Interesting news from the National Zoo, run by the Smithsonian Institute. A request for medical records for a giraffe who died recently was refused on the grounds that the Zoo is protecting the privacy of the animal. The response raises a number of questions, (and the article covering it starts to delve into government secrecy issues outside of the original scope of the article).
How much privacy can an animal in a zoo have? Is the privacy being protected that of the giraffe, or of the people who cared for the giraffe?
Harvard University's Laurence Tribe, who supports the introduction of legislation to permit people or certain groups to legally represent animals subject to abuse, said that the least likely designee to protect an animal's welfare is a zookeeper.When we find ourselves starting to make statements about protecting animals' rights to privacy, shouldn't we begin asking ourselves whether we have a right to hold those animals in zoos?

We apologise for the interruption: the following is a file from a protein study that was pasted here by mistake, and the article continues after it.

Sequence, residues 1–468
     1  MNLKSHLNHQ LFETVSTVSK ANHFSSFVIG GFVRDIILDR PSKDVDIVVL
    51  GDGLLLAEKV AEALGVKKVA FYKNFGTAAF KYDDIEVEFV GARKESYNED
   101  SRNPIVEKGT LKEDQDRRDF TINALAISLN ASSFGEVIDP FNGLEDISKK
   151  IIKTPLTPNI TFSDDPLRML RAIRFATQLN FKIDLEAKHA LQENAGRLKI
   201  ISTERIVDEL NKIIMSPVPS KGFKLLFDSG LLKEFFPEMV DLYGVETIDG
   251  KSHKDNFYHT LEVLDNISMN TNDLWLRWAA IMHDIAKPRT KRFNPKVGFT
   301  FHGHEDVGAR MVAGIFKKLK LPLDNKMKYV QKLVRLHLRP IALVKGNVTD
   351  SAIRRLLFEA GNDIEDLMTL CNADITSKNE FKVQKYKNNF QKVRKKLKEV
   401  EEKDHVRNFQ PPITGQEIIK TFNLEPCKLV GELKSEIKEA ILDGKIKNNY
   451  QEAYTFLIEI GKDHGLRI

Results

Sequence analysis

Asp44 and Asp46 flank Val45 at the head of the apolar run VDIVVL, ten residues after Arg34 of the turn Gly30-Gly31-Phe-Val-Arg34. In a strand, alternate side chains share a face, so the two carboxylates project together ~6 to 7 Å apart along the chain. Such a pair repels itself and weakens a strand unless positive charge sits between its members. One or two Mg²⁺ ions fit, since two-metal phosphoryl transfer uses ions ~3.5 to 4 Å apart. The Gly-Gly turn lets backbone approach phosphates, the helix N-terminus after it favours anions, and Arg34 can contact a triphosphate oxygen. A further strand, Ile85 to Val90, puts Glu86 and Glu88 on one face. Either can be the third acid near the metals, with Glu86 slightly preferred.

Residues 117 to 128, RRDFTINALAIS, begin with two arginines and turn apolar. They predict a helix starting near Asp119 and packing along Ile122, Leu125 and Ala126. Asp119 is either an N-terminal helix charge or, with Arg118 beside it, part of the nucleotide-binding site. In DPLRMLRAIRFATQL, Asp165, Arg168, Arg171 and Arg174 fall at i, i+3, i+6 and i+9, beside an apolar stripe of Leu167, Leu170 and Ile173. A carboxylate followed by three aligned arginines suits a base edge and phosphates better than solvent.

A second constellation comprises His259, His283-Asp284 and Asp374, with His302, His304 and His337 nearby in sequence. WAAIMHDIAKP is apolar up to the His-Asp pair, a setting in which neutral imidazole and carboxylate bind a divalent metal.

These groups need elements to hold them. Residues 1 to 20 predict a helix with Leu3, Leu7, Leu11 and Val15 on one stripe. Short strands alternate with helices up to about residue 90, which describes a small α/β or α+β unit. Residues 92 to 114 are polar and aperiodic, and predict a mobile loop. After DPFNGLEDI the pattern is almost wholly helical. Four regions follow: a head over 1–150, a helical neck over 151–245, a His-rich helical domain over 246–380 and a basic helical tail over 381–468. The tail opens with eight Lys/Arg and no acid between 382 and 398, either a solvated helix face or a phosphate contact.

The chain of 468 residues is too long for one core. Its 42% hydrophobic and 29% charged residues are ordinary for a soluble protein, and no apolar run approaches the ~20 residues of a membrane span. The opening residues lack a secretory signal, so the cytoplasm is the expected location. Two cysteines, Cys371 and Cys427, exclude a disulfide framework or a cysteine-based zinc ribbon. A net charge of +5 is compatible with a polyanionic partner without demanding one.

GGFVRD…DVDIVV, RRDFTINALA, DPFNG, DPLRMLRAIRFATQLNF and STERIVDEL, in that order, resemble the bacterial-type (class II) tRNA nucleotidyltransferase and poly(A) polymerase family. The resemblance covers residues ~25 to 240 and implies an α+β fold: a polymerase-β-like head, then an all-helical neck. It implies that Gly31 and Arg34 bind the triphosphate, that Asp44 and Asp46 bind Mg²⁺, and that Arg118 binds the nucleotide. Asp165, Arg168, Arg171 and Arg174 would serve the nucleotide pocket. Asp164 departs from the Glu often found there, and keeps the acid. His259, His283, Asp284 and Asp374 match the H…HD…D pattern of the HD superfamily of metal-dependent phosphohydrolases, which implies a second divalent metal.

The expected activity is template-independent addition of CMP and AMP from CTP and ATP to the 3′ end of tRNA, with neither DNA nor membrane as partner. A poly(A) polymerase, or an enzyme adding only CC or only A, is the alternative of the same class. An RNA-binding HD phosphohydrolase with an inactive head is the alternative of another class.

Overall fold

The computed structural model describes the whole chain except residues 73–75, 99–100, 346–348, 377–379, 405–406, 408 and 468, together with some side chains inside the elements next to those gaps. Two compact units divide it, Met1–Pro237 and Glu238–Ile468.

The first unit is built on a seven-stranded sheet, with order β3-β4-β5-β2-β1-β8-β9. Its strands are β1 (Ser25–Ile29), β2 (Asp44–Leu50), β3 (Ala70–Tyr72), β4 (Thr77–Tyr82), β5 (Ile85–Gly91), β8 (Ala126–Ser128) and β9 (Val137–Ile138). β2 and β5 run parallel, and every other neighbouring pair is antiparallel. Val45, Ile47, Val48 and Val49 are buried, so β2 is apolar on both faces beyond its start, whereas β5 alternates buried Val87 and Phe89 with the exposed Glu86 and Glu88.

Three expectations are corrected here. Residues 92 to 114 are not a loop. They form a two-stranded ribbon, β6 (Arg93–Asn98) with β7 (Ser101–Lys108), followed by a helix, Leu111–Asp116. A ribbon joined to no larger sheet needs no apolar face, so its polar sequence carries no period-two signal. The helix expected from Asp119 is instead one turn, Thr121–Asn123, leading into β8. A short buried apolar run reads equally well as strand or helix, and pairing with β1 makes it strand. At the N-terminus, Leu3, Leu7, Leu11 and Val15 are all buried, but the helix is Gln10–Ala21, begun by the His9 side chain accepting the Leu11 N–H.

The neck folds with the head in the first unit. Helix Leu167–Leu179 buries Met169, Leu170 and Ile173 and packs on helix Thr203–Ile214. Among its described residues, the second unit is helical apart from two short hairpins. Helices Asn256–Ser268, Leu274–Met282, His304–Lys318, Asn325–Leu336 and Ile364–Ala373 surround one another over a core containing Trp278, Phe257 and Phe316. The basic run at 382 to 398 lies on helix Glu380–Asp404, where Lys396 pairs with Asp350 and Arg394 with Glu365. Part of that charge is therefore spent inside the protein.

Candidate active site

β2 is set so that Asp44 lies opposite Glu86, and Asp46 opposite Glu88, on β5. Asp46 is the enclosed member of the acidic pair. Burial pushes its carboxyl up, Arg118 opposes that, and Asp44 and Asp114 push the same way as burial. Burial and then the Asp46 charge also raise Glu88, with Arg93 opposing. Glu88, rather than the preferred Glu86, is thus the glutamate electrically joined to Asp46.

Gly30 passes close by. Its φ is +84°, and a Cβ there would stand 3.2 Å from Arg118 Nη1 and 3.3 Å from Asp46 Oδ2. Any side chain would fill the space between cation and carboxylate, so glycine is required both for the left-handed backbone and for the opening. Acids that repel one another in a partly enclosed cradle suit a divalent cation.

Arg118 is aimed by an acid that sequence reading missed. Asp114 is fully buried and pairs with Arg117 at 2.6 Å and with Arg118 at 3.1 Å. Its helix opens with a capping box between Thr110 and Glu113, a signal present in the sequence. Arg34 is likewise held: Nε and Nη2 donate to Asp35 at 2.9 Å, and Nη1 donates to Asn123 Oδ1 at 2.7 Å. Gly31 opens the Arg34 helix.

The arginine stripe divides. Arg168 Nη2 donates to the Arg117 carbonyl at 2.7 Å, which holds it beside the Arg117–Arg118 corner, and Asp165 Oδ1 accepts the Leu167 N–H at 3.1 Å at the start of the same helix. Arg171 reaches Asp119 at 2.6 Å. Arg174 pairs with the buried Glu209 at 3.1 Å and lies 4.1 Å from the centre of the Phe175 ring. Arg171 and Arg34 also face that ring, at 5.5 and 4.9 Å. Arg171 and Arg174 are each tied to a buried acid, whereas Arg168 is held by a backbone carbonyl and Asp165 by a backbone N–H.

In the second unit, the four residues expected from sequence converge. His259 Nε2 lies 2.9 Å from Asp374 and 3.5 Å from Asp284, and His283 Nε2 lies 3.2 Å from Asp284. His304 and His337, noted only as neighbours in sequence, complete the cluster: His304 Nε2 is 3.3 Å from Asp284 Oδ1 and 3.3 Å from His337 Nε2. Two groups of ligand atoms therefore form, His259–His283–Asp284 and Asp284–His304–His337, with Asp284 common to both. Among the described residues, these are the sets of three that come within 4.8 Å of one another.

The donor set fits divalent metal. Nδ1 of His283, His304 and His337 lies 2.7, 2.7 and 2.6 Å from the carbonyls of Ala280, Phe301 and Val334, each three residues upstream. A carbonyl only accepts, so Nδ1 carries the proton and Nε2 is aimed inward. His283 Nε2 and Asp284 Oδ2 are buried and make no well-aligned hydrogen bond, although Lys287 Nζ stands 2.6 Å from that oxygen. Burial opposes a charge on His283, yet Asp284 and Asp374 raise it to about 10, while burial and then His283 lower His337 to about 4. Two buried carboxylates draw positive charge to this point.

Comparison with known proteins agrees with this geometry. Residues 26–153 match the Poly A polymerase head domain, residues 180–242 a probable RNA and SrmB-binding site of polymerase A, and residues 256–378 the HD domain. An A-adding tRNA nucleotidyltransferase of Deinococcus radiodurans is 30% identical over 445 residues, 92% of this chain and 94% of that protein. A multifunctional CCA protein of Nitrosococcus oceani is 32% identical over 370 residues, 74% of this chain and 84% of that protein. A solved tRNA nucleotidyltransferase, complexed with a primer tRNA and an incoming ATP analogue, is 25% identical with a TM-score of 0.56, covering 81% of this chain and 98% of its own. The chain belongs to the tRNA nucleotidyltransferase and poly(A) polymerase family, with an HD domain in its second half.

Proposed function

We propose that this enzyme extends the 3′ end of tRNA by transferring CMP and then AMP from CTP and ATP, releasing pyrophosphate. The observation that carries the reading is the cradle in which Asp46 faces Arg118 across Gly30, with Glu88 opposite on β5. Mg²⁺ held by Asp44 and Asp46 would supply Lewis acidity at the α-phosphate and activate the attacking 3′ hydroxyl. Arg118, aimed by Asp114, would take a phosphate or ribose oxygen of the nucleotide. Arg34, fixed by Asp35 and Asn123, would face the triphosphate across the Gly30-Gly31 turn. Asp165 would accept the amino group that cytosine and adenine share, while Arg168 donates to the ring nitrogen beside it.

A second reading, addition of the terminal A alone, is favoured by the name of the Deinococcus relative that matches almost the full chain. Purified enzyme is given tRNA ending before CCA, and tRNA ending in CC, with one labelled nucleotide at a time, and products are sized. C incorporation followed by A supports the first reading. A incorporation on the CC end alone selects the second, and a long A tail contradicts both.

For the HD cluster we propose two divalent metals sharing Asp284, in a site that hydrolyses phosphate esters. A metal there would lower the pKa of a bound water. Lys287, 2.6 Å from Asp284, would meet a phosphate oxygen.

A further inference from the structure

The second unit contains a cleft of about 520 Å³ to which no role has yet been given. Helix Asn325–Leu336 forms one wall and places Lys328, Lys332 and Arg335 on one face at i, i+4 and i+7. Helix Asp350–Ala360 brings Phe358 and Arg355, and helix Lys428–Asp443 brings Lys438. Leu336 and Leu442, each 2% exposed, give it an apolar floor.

"It is sort of the fox guarding the hen house," Tribe said. "They are clearly the ones whose neglect or mistreatment might be at issue."